Dee Kaminski

Adventurer and Fisherwoman

"I love the thrill of the catch but I also love the Zen part of fishing and what it can teach about life. I think most women would agree that fishing touches, calms and can even heal the human soul".

How did you become a fisherwoman? When did you start?

I started learning to fish while very young. My parents didn’t have a baby sitter so I HAD to tag along. Once they put a fishing pole in my hand, I was “hooked! When most girls were playing with Barbies, I was with them fishing the northern waters of Canada for muskie, walley, northern and bass. I fished as often as I could. When I was finally able to paddle a canoe by myself, you could be sure I could be found on the water. What a better way to spend the days?


2. What is your favorite part of fishing?

I became a kayak-fishing guide by trade because of my passion for fishing. I love sight fishing for saltwater inshore species like redfish, black drum, snook, flounder and sea trout. The only way to do this is to stand and see the fish from a better angle than sitting by using the most stable kayaks designed for this purpose, Native Watercraft boats. When you see a school of 100’s of redfish that look like a copper carpet, you lose your breath and your heart starts to pound. And when you get one of your clients to hookup on one of these bull redfish, there is nothing more thrilling than seeing them taking what us Floridian’s call a “Florida Sleigh ride”.


3. How often do you fish and what do you typically fish for?

The weather controls the amount of days I am out fishing. When fishing from a kayak, one needs to extra cautions on windy and rainy days. I never like to put my clients or myself in any danger so I try to follow weather reports closely. Last year, I fished 275 days, not all with clients. I target my favorite species, redfish, snook, sea trout, flounder, and “the big ugly”, black drum.


4. Everyone has a great fishing tale… what is your most memorable fishing experience? (You can make this as long as you'd like).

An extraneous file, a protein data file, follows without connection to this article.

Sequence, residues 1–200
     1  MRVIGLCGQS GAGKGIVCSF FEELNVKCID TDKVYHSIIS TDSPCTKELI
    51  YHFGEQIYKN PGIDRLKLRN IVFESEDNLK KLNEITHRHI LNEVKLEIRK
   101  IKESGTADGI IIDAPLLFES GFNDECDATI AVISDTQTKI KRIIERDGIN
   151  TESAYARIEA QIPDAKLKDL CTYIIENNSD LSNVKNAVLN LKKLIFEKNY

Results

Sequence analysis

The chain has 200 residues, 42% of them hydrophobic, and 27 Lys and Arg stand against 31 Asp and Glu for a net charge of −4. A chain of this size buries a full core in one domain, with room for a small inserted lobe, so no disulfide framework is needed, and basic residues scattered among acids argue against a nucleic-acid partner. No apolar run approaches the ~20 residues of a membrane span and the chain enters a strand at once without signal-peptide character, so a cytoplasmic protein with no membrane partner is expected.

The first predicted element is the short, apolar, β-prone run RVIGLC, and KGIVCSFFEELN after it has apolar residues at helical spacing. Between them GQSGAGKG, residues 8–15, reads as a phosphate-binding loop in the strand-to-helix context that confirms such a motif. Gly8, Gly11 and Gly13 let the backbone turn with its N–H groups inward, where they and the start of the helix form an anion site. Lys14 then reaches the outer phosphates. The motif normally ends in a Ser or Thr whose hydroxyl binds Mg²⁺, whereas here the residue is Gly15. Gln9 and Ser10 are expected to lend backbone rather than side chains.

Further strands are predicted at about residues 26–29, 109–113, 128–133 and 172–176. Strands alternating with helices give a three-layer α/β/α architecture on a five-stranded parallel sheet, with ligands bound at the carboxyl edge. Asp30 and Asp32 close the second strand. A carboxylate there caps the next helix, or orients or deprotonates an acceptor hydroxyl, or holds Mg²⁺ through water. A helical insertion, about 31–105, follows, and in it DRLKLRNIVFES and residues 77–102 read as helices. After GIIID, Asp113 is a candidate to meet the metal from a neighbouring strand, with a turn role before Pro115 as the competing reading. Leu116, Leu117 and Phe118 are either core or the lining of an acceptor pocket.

There are so many I would love to share bit this one springs to mind. I had decided to fish around the Sebastian Inlet flats a few years, looking for the bull reds that like to go through the inlet and run along a drop off during the tide changes in search of their dinners. They were there the day before so I adjusted for the one hour difference in tide change and launched one hour later the next day. I made ready by anchoring, rigging up with a 12 Fathom Buzz Tail lure on a 1/8 oz Joe Jig and started looking for any signs of their presence. As predicted, the reds were pushing and made a charge for a big mullet school. I cast into the school and hooked up on what I thought to be my biggest redfish to date. I was almost spooled! I lifted the anchor up and let the fish take me on what felt like a 20 minute sleigh ride out to the middle of the Indian River Lagoon. Then it turned back to where we started the fight. All of a sudden, there was no fight. As I reeled in what felt like a log turned out to be a chomped in half redfish with a bloody trail right behind it. A huge bull shark ate my bull red. I netted up the half eaten mess and put it in my kayak, paddled over to the shallows and photographed what once was a 50 plus inch redfish, now down to 32 inches. The bite pattern on the fish’s remains was well larger than my thigh. It makes a person think twice if they decide to wade fish in the shallows. I guess it was not my time to catch my prized bull red.